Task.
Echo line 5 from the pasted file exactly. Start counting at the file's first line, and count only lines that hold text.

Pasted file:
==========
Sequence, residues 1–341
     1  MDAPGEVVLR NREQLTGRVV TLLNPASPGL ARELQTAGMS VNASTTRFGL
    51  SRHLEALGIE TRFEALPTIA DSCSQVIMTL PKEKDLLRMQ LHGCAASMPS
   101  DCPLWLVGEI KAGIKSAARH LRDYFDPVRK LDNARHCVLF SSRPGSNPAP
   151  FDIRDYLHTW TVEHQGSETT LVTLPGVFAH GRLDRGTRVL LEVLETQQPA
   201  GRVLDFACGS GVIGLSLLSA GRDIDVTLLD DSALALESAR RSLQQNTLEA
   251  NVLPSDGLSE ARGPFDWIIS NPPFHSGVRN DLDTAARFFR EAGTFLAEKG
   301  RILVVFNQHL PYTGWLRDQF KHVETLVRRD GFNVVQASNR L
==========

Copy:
   151  FDIRDYLHTW TVEHQGSETT LVTLPGVFAH GRLDRGTRVL LEVLETQQPA